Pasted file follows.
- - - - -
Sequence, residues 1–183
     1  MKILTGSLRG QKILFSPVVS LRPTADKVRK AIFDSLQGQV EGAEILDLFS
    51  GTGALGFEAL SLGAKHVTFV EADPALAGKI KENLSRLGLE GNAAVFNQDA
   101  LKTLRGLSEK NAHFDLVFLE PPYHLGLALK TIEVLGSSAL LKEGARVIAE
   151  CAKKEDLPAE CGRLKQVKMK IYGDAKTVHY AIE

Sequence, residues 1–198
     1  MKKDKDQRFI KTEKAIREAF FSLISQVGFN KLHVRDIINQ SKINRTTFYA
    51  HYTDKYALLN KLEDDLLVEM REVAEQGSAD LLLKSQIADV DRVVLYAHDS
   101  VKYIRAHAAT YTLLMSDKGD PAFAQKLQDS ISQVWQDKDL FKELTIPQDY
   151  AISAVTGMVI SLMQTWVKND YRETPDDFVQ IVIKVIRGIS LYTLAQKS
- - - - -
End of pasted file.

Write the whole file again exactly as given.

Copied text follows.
Sequence, residues 1–183
     1  MKILTGSLRG QKILFSPVVS LRPTADKVRK AIFDSLQGQV EGAEILDLFS
    51  GTGALGFEAL SLGAKHVTFV EADPALAGKI KENLSRLGLE GNAAVFNQDA
   101  LKTLRGLSEK NAHFDLVFLE PPYHLGLALK TIEVLGSSAL LKEGARVIAE
   151  CAKKEDLPAE CGRLKQVKMK IYGDAKTVHY AIE

Sequence, residues 1–198
     1  MKKDKDQRFI KTEKAIREAF FSLISQVGFN KLHVRDIINQ SKINRTTFYA
    51  HYTDKYALLN KLEDDLLVEM REVAEQGSAD LLLKSQIADV DRVVLYAHDS
   101  VKYIRAHAAT YTLLMSDKGD PAFAQKLQDS ISQVWQDKDL FKELTIPQDY
   151  AISAVTGMVI SLMQTWVKND YRETPDDFVQ IVIKVIRGIS LYTLAQKS